Community gardens provide food security

Premier Doug Ford’s March 30th extension of the Declaration of Emergency included shutting down all “recreational amenities” including community gardens. The immediate response from some community activists, food security advocates, and gardeners was to lobby to keep community gardens open. These efforts are now meeting with backlash.

It’s about land, class, and privilege.

As an Organic Master Gardener, Accredited Landscape Practitioner, and a veteran member of four community gardens, I’ve been thinking about this issue. Their loss is part of a complete shutdown of access to green spaces in urban areas. How this restriction affect’s citizens’ mental health will be subject of scientific research, I’m sure. But the issue is larger than simply preventing people from going to places where they may encounter other people. It’s bigger than that. It’s about food. It’s about land, class, and privilege.

People who think that visiting community gardens places them at risk of infection probably have not been to one. I can tell you that gardeners don’t go there to hang around and socialize. They do their work, alone, and then they get on with all their other obligations. There might be two or three other gardeners there. It is very unlikely that your plot-next-door neighbour will be there at the same time as you. And even that happens, it is not difficult to stay six feet away, just as we all do on a public street.

It would be easy to devise a visitation schedule so that adjacent plotholders are never there at the same time. Access could be limited. Communal tools can be removed and communal storage prohibited. A scheduled visitation system would be far less risky than going to a neighbourhood convenience store or WalMart, where social distancing can be much more difficult.

During a pandemic there is no way to completely eliminate risk. We all need to eat and over the next few months of isolation, eventually most of us will need to visit a supermarket, go outside, visit a doctor. The challenge is to make good policy decisions around risk, managing the truly big risky behaviours as best we can.

Community gardens are not playgrounds. They aren’t filled with virus-laden hard surfaces and children. Neither are they happy hangouts where people swing shovels side by side, sing kumbahya, and eat raspberries from the same bowl. Members have their own plots and they grow what they want. They share in the communal work that needs to be done (weeding paths, turning compost, fixing hoses) but not together. They have a sense of duty, respect, and responsibility—or else they don’t last long. These are the kind of people who understand the need to follow rules and keep the group safe.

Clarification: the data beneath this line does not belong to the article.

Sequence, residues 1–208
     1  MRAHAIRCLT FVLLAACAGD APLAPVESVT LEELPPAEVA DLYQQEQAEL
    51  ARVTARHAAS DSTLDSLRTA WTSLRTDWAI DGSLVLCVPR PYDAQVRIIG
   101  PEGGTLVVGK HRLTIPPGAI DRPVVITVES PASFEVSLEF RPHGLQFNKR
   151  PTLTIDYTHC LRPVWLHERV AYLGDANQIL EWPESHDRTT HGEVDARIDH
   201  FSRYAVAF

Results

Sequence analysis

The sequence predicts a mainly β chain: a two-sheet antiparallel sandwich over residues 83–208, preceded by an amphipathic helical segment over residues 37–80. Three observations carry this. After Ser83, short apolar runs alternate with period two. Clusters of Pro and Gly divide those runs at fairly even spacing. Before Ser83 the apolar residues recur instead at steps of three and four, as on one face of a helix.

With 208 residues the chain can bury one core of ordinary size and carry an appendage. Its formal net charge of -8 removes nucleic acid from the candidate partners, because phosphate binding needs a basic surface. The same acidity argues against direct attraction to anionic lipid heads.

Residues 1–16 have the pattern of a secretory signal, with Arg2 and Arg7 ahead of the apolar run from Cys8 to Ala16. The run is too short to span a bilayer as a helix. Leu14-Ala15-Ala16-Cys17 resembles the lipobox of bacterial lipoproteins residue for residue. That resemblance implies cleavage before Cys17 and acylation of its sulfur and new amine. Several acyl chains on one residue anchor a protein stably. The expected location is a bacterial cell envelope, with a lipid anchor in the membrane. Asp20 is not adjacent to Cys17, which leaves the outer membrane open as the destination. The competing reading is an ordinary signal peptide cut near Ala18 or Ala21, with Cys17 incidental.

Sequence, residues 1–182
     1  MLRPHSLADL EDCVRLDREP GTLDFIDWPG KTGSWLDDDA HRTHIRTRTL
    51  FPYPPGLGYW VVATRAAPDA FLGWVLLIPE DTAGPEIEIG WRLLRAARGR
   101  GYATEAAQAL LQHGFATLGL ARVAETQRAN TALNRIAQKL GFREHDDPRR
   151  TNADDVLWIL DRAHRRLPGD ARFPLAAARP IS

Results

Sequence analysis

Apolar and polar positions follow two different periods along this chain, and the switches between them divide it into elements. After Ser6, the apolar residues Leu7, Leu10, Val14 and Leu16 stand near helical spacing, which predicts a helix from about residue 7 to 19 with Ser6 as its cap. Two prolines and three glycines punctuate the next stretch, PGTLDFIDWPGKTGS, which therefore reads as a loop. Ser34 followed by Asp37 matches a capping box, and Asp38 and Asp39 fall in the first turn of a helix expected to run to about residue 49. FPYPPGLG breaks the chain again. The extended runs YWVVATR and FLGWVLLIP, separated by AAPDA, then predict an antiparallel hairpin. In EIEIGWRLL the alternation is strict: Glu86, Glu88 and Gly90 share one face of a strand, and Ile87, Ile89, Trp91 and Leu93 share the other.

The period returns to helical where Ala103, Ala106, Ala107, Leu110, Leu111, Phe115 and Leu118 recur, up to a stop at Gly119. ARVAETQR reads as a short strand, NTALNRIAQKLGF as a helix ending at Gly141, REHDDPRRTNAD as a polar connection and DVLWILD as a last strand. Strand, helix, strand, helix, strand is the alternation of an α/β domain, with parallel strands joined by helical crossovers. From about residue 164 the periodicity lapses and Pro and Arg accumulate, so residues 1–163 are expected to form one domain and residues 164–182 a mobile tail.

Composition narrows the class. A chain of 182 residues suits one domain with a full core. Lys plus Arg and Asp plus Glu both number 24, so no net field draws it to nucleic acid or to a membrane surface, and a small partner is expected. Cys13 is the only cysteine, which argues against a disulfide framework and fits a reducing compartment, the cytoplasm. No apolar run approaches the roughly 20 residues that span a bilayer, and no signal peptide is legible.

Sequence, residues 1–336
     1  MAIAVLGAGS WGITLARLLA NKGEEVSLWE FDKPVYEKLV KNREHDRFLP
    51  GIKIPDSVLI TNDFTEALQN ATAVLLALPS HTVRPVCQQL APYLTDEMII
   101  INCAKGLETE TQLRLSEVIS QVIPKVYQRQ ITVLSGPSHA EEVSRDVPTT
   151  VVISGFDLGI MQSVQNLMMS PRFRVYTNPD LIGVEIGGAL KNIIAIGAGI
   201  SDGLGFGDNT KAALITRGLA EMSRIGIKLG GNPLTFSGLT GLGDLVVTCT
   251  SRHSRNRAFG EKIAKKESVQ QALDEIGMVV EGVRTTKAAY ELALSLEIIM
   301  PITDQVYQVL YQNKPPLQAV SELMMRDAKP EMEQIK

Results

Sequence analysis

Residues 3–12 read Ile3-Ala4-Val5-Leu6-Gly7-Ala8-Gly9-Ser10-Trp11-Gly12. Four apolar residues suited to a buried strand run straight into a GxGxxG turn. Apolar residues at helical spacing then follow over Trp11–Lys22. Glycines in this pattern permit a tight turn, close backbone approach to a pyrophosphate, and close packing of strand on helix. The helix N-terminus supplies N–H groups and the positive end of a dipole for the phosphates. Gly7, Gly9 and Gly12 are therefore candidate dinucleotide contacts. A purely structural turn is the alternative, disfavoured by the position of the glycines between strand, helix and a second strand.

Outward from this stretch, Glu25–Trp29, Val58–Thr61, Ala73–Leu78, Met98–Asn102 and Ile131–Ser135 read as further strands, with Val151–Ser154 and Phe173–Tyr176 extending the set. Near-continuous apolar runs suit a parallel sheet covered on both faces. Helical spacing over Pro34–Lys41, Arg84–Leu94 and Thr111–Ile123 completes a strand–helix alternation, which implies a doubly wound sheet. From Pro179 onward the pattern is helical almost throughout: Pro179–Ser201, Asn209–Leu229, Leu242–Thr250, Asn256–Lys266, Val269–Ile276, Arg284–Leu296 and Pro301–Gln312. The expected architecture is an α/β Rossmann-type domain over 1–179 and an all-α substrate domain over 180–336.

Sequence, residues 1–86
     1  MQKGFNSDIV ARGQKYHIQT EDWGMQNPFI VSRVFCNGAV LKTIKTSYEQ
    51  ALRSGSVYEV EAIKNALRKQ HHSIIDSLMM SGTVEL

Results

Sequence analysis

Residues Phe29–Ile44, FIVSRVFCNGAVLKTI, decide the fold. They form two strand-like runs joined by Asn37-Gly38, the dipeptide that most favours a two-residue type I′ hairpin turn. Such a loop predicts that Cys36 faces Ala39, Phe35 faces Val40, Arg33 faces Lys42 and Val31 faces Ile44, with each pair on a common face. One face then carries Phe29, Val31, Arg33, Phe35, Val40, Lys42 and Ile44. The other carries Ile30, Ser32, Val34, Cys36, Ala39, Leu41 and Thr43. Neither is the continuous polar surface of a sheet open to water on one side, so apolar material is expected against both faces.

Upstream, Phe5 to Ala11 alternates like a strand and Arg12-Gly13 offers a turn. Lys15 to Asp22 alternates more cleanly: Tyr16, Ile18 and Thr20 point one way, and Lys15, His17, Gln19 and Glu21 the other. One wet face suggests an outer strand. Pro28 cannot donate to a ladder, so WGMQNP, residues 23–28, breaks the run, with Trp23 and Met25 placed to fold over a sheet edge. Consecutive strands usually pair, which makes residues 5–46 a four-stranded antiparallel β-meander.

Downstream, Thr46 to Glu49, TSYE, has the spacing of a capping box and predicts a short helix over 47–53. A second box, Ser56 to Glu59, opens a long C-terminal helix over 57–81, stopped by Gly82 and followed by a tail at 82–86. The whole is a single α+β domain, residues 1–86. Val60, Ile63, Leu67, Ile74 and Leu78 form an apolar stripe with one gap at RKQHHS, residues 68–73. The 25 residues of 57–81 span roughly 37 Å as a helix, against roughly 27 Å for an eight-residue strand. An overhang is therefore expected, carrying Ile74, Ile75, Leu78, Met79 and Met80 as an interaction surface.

Land owners (and the majority of gardeners are landowners) are in a distinctly privileged position, being able to continue growing food (or convert to it) on land they own. People who rent don’t have this luxury.

Because I love gardening and I love the beauty and productivity of my community garden down the street, I think a lot about the social meaning of community gardens. They are the last vestiges of “the commons” which sustained folks before enclosures and factories turned everyone who did not own land into a unit of production. Land owners (and the majority of gardeners are landowners) are in a distinctly privileged position, being able to continue growing food (or convert to it) on land they own. People who rent don’t have this luxury. A community garden plot might just be the one bit of food security available. We are not out there for pretty salad greens. We’re growing root vegetables and squash– food that stores. We can our tomatoes and freeze the kale. We’re growing our own food so we don’t have to buy it at grocery stores.

Concern about food security is spreading. Landowners are suddenly converting their lawns to gardens, trying to buy seeds and “soil”, posting naive and desperate pleas on Facebook for gardening help and advice. Why do we support and sympathize with people who dash between garden centers when they should be home self-isolating? Why is there no support for people who actually KNOW how to garden, in their assigned plot at the community garden, whose are there simply because they do not own land?

I suspect that people who say “just shut it down and stay inside” have their own gardens. Are they also going to the supermarket, alone, no more than once a week? Do they have the money for grocery delivery? Could they afford to stockpile food?

I want people to think about the future—not just August when harvests come in (or don’t…) but a possible collapse. When the economy collapsed in Russia, it was women who guarded the community gardens and kept their families fed amid terrible shortages and hardship. In Cuba, when oil shipments stopped (due to the Russian collapse) it was community gardens that literally kept the population alive.

Our economy may collapse. This is a real and plausible outcome of this pandemic.

Community gardens should be encouraged, not shut down. Social isolation and community gardening are compatible.

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